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Monday, January 10, 2011

Navy Littoral Combat Ship (LCS) Program: Background, Issues, and Options for Congress

Ronald O'Rourke
Specialist in Naval Affairs

The Littoral Combat Ship (LCS) is a relatively inexpensive Navy surface combatant equipped with modular “plug-and-fight” mission packages. The Navy wants to field a force of 55 LCSs. The first two (LCS-1 and LCS-2) were procured in FY2005 and FY2006 and were commissioned into service on November 8, 2008, and January 16, 2010. Another two (LCS-3 and LCS-4) were procured in FY2009 and are under construction. Two more were procured in FY2010, and the Navy’s proposed FY2011 budget requested funding to procure another two. Navy plans call for procuring an additional 16 in FY2012-FY2015 at a rate of four ships per year.

There are two very different LCS designs—one developed and produced by an industry team led by Lockheed, and another developed and produced by an industry team led by General Dynamics. LCS-1 and LCS-3 use the Lockheed design; LCS-2 and LCS-4 use the General Dynamics design.

On September 16, 2009, the Navy announced a proposed acquisition strategy under which the Navy would hold a competition to pick a single design to which all LCSs procured in FY2010 and subsequent years would be built (i.e., carry out a design “down select”). The winner of the down select would be awarded a contract to build 10 LCSs over the five-year period FY2010- FY2014, at a rate of two ships per year. The Navy would then hold a second competition—open to all bidders other than the shipyard building the 10 LCSs in FY2010-FY2014—to select a second shipyard to build up to five additional LCSs to the same design in FY2012-FY2014 (one ship in FY2012, and two ships per year in FY2013-FY2014). These two shipyards would then compete for contracts to build LCSs procured in FY2015 and subsequent years.

Section 121(a) and (b) of the FY2010 defense authorization act (H.R. 2647/P.L. 111-84 of October 28, 2009) provided the Navy authority to implement this down select strategy. The Navy’s down select decision was expected to be announced by December 14, 2010, the date when the two LCS bidders’ bid prices would expire.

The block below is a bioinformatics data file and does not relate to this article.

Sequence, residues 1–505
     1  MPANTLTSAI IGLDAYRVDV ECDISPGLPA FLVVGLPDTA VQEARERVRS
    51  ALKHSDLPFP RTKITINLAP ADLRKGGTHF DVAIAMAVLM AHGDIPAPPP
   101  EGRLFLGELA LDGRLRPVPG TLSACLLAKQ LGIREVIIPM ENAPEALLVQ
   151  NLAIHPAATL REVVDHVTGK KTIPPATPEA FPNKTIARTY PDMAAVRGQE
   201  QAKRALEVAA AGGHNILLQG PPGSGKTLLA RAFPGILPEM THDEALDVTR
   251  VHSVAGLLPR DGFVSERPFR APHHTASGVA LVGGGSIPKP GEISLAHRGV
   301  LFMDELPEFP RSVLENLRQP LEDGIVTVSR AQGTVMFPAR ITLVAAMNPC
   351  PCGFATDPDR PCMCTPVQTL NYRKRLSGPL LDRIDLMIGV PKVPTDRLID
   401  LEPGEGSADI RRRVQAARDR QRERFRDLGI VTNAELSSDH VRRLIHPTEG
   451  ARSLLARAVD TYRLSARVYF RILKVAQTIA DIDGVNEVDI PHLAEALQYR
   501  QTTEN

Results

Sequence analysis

On November 3, 2010, the Navy notified congressional offices that it was prepared to implement an alternative dual-award acquisition strategy under which the Navy would forego making a down select decision and instead award each LCS bidder a 10-ship contract for the six-year period FY2010-FY2015, in annual quantities of 1-1-2-2-2-2. The Navy stated that, compared to the down select strategy, the dual-award strategy would reduce LCS procurement costs by hundreds of millions of dollars. The Navy needed additional legislative authority from Congress to implement the dual-award strategy. The Navy stated that if the additional authority were not granted by December 14, the Navy would proceed to announce its down select decision under the acquisition strategy announced on September 16, 2009. On December 13, it was reported that the two LCS bidders, at the Navy’s request, had extended the prices in their bids to December 30, effectively giving Congress until December 30 to decide whether to grant the Navy the authority needed for the dual-award strategy.

The Navy’s November 3 proposal of a dual-award strategy posed an issue for Congress of whether this strategy would be preferable to the down select strategy, and whether Congress should grant the Navy, by December 30, the additional legislative authority the Navy would need to implement the dual-award strategy. On December 14, 2010, the Senate Armed Services Committee held a hearing to review the proposed dual-award strategy. On December 21, 2010, the Senate and House passed H.R. 3082, a bill that, among other things, funds federal government operations through March 4, 2011. Section 150 of the bill provides the Navy authority to implement a dual-award strategy. H.R. 3082 was signed into law as P.L. 111-322 of December 22, 2010.

Date of Report: December 22, 2010
Number of Pages: 63
Order Number: RL33741
Price: $29.95

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